The finalists for this year’s Booker Prize have been announced, with six titles chosen from a longlist of 13 books. The award is expected to be presented in November.

In the spine-tingling The New Wilderness, Diane Cook imagines how attempting to escape from the consequences of climate change can have calamitous effects on the relationship between a mother and the daughter she seeks to protect. Tsitsi Dangarembga’s This Mournable Body is a psychologically charged novel about a young girl struggling for a better life in Zimbabwe’s capital city of Harare. Avni Doshi’s Burnt Sugar follows an affluent wild child who leaves her husband, joins an ashram as a beggar, and is now trying to cope with deteriorating mental capacity in her old age. Douglas Stuart’s debut novel Shuggie Bain explores the poverty of 1980s Glasgow through the life of a boy trying his best to pass off as “normal”. Brandon Taylor’s debut Real Life is a coming-of-age novel about a gay, black PhD student in a predominantly white university, whose experiments with nematodes are sabotaged by a white student, while in Maaza Meginste’s The Shadow King, set in 1935 Ethiopia during the Italian invasion, an orphaned child goes from housemaid to king-maker, encouraging the women of her country to take up arms against the enemy.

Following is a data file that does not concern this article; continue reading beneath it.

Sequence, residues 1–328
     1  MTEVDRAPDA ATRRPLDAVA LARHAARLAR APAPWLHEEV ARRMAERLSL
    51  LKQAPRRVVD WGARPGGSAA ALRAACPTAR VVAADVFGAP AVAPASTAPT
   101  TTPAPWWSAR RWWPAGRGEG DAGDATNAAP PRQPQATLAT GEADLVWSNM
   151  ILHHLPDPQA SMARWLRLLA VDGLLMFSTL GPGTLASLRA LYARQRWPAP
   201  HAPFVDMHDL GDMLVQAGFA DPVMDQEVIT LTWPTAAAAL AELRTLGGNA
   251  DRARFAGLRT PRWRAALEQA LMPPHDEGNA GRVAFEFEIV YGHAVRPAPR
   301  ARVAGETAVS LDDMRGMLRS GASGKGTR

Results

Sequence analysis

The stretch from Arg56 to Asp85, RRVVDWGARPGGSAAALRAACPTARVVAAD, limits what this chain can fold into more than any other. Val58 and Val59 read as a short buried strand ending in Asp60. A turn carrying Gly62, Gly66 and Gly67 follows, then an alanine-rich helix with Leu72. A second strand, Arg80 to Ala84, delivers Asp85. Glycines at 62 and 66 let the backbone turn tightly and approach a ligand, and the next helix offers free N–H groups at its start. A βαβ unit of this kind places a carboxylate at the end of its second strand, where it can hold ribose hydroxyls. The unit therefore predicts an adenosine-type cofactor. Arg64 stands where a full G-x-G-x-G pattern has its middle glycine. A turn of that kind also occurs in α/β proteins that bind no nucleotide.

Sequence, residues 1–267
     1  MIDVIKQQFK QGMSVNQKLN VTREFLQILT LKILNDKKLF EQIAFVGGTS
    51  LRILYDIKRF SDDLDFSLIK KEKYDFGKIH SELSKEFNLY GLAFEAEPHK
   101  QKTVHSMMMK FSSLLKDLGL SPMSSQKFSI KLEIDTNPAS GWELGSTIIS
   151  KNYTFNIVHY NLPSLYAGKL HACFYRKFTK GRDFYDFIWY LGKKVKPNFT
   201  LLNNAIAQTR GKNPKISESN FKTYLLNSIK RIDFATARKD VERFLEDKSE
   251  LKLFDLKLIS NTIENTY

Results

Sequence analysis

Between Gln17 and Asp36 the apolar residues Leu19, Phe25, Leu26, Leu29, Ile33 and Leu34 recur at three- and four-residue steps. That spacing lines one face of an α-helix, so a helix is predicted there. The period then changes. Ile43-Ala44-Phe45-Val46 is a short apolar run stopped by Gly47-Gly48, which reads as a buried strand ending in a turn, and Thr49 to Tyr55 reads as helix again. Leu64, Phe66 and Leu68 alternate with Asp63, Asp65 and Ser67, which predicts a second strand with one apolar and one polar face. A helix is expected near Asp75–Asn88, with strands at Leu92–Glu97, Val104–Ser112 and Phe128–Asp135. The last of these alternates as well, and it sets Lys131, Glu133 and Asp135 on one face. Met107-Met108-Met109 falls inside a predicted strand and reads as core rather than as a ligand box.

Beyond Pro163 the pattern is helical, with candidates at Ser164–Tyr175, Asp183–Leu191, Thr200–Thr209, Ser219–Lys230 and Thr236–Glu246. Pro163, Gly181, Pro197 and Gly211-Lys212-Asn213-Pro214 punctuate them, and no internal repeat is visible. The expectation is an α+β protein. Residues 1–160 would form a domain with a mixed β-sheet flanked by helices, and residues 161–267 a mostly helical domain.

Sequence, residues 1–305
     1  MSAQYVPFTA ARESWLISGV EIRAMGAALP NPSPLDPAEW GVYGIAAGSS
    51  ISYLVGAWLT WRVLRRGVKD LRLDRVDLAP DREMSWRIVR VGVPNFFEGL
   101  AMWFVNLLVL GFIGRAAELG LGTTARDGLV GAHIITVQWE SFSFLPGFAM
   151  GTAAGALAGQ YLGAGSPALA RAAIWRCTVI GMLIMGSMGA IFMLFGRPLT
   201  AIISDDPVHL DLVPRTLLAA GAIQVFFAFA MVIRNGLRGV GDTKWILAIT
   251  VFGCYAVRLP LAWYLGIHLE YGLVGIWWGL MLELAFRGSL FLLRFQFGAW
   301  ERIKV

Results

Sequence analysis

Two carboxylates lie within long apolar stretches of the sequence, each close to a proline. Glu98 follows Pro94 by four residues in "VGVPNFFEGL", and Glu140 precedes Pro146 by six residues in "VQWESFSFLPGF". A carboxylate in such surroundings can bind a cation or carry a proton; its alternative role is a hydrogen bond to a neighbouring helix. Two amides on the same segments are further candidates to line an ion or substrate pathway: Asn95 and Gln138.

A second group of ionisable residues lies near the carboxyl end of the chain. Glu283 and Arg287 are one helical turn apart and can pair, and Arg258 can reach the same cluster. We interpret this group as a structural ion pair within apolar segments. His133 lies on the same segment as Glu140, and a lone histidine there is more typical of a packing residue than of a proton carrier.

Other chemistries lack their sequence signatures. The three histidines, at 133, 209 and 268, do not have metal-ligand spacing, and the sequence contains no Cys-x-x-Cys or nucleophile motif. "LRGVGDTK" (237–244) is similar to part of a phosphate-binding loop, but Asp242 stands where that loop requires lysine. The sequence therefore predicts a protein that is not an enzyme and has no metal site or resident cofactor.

The judges on this year’s panel are publisher Margaret Busby; Lee Child, author of the Jack Reacher series; Lemn Sissay, Chancellor of the University of Manchester; literary journalist Samir Rahim; and Emily Wilson, a professor and author of six books.

The seven other books on the longlist included Gabriel Krauze’s autofictional debut Who They Was; The Mirror and the Light by two-time winner (2009 for Wolf Hall and 2012 for Bring Up the Bodies) Hilary Mantel; Apeirogon by Colum McCann; Kiley Reid’s debut Such a Fun Age; Redhead by the Side of the Road by Anne Tyler; Sophie Ward’s debut Love and Other Thought Experiments and How Much of These Hills is Gold — yet another debut — by C. Pam Zhang.

The winner of the International Booker prize, meanwhile, is Dutch author Marieke Lucas Rijneveld, whose debut novel The Discomfort of Evening, trans­lated by Michele Hutchison, explores the lives of a deeply religious farming family as they deal with the death of a child in their own individual, disturbed and disturbing ways.

Published in Dawn, Books & Authors, September 20th, 2020